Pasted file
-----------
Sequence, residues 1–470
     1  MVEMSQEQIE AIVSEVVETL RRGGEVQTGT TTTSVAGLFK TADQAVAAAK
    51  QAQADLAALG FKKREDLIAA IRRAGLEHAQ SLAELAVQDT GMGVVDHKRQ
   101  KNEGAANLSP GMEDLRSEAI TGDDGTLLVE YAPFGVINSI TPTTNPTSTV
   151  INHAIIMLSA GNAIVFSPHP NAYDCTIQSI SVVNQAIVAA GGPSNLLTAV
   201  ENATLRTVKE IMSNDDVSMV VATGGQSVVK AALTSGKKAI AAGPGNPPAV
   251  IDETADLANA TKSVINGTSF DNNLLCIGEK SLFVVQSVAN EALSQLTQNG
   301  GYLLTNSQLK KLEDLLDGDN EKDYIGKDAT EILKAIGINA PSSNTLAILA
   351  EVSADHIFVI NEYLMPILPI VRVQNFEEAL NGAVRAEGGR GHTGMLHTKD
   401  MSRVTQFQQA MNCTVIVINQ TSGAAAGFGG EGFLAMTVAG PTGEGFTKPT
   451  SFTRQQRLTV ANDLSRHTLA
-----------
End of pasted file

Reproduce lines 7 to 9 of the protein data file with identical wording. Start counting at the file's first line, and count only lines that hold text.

   251  IDETADLANA TKSVINGTSF DNNLLCIGEK SLFVVQSVAN EALSQLTQNG
   301  GYLLTNSQLK KLEDLLDGDN EKDYIGKDAT EILKAIGINA PSSNTLAILA
   351  EVSADHIFVI NEYLMPILPI VRVQNFEEAL NGAVRAEGGR GHTGMLHTKD